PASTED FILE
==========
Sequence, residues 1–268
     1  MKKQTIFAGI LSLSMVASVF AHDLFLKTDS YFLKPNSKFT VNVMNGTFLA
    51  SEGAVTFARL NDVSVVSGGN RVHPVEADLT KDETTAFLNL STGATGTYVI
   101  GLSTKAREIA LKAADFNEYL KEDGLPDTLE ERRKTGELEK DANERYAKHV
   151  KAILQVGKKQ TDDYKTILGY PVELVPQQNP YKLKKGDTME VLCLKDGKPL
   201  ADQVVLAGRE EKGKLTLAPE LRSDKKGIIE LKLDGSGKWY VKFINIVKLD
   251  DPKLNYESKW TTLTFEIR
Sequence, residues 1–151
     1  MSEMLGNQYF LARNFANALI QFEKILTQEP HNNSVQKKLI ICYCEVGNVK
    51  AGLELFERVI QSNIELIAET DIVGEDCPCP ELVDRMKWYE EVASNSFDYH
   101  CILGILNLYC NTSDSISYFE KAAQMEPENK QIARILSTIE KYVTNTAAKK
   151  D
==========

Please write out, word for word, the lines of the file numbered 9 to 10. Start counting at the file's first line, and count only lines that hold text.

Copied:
     1  MSEMLGNQYF LARNFANALI QFEKILTQEP HNNSVQKKLI ICYCEVGNVK
    51  AGLELFERVI QSNIELIAET DIVGEDCPCP ELVDRMKWYE EVASNSFDYH